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Parents start huge viral debate after sharing their 'Switch Witch' Halloween candy tradition

That's a different way of doing Halloween.

switch witch, halloween candy, sugar and kids

A young girl goes trick-or-treating on Halloween.

A family from Utah has ruffled a lot of feathers on Instagram after sharing the Halloween tradition they celebrate with their 2-year-old daughter, Aria. Instead of allowing her to eat all the candy she gets while trick-or-treating, they let her select 5 pieces.

That's right. Just 5 pieces. But there's a catch!

The parents put the remainder of the candy on the porch for the night for the “Switch Witch,” who exchanges the sugary foods for a toy. In this case, Aria received a “Frozen” doll from the witch.

The parents who came up with this idea are Emily and Erik Jensen, fitness trainers and life coaches known for sharing family health and wellness tips on social media. "You can get fun with it and give your witch a name," Levi captioned his post, in part. "The witch who stops by our house is Wilda."


After posting the video with over 10 million views, the couple was deluged by an incredible amount of angry feedback for their new Halloween tradition.

Here’s what everyone is up in arms about.

The video hit right in the heart about issues people are passionate about, Halloween, diet culture, materialism, candy and preserving the magic of childhood.

"What happened to parents just letting kids be kids and enjoy Halloween?" EmilyKohara21 asked. "Dude, it's once a year...." CGroves_08 wrote.

"It’s one day of the year. Give it a rest. You think it’s better to buy your kid toys than to let them have the bite-sized candy?" Beezus04 added.

Many parents thought making a big deal about the candy was a recipe for instilling negative body issues with their daughter. "Or just let your kid enjoy a f***ing treat instead of instilling body hatred and diet culture at FIVE YEARS OLD." TolkienQueerFriend wrote.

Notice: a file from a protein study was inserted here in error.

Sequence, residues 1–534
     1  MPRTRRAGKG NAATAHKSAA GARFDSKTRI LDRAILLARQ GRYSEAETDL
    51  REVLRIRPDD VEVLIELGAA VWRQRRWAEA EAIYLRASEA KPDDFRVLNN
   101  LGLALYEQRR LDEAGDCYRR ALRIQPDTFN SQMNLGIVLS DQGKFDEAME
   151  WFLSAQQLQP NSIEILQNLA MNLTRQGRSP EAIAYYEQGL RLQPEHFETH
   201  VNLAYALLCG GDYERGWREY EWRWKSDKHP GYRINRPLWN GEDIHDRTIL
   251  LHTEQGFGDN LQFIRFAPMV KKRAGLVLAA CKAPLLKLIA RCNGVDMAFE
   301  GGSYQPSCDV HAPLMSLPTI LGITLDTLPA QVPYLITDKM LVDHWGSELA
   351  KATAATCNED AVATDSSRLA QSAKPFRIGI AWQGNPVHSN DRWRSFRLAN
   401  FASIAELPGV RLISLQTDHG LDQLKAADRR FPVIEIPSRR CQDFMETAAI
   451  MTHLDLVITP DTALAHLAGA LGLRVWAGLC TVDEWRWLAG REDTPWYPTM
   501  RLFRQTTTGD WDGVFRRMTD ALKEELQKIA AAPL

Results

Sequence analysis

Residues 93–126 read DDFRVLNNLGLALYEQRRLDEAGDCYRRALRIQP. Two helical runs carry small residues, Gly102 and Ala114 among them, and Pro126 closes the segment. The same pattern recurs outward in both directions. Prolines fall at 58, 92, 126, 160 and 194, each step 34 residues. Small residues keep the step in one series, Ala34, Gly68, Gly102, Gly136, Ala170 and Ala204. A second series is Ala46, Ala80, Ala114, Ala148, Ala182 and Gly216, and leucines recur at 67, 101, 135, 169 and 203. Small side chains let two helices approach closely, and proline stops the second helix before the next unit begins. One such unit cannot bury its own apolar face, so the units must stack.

In the comments, the people who supported the family noted that a 2-year-old probably shouldn’t be eating all that candy in the first place. “I love this idea! I have a toddler and he doesn’t need candy, but I want him to experience going out and Trick or Treating. I don’t eat candy and he doesn’t need more than 5 pieces at TWO years old!” JACQ2400 wrote.

“When we posted the video, we had no idea the comments would be so heated,” Emily told TODAY.com.

The crux of the issue was a child’s relationship with sugar, and, according to medical professionals, too much sugar in childhood can lead to big problems in adulthood.

“As with anything, too much sugar during childhood may lead to unhealthy cravings as kids grow older,” Dr. Stacy Leatherwood Cannon wrote for Henry Ford Health. “In excess, sugar can lead to obesity, which puts a child at risk for developing high blood pressure, elevated cholesterol levels and type 2 diabetes (where the body’s response to insulin is not regulated).”

But in the end, families have the right to make their own decisions about what’s appropriate for their children, and for the Jensens, they will stick with limiting the amount of sugar their daughter eats on Halloween. "The 'Switch Witch' isn't for everyone, but it works for us,” Emily told Today.com.



After posting the video with over 10 million views, the couple was deluged by an incredible amount of angry feedback for their new Halloween tradition.

Here’s what everyone is up in arms about.

[Video]

The video hit right in the heart about issues people are passionate about, Halloween, diet culture, materialism, candy and the magic of childhood.

"What happened to parents just letting kids be kids and enjoy Halloween?" EmilyKohara21 asked. "Dude, it's once a year...." CGroves_08 wrote.

"It’s one day of the year. Give it a rest. You think it’s better to buy your kid toys than to let them have the bite-sized candy," Beezus04 added.

Many parents thought making a big deal about the candy was a recipe for instilling negative body issues with their daughter. "Or just let your kid enjoy a f***ing treat instead of instilling body hatred and diet culture at FIVE YEARS OLD." TolkienQueerFriend wrote.

In the comments, the people who supported the family noted that a 2-year-old probably shouldn’t be eating all that candy in the first place. “I love this idea! I have a toddler and he doesn’t need candy, but I want him to experience going out and Trick or Treating. I don’t eat candy and he doesn’t need more than 5 pieces at TWO years old!” JACQ2400.

“When we posted the video, we had no idea the comments would be so heated,” Emily told TODAY.com.

The crux of the issue was a child’s relationship with sugar, and, according to medical professionals, too much sugar in childhood can lead to big problems in adulthood.

“As with anything, too much sugar during childhood may lead to unhealthy cravings as kids grow older,” Dr. Stacy Leatherwood Cannon wrote for Henry Ford Health. “In excess, sugar can lead to obesity, which puts a child at risk for developing high blood pressure, elevated cholesterol levels and type 2 diabetes (where the body’s response to insulin is not regulated).”

But in the end, families have the right to make their own decisions about what’s appropriate for their children, and for the Jensens, they will stick with limiting the amount of sugar their daughter eats on Halloween. "The 'Switch Witch' isn't for everyone, but it works for us,” Emily told Today.com.

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